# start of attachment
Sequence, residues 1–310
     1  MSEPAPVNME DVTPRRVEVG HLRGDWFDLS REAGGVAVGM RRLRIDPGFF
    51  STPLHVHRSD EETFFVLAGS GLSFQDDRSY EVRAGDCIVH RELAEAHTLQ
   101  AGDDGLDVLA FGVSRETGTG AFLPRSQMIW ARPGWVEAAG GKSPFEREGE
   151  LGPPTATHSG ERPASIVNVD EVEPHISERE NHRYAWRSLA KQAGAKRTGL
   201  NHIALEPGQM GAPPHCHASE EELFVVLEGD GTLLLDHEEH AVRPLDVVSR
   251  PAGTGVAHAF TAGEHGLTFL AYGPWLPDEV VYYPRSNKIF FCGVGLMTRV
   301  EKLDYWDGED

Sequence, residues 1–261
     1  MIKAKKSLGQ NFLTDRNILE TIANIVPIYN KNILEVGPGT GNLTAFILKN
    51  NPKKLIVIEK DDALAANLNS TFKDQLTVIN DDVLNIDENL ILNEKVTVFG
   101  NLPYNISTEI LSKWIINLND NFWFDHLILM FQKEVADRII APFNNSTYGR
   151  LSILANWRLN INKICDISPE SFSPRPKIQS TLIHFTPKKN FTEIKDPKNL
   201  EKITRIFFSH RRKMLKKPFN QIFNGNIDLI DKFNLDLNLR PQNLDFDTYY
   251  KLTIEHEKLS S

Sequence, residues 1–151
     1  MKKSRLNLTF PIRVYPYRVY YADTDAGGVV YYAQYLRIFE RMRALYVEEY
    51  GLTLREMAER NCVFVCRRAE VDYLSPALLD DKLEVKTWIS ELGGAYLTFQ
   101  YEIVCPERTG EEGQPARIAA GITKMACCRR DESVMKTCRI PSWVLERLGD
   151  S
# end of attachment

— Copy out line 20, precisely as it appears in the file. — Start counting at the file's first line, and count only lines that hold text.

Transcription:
   151  S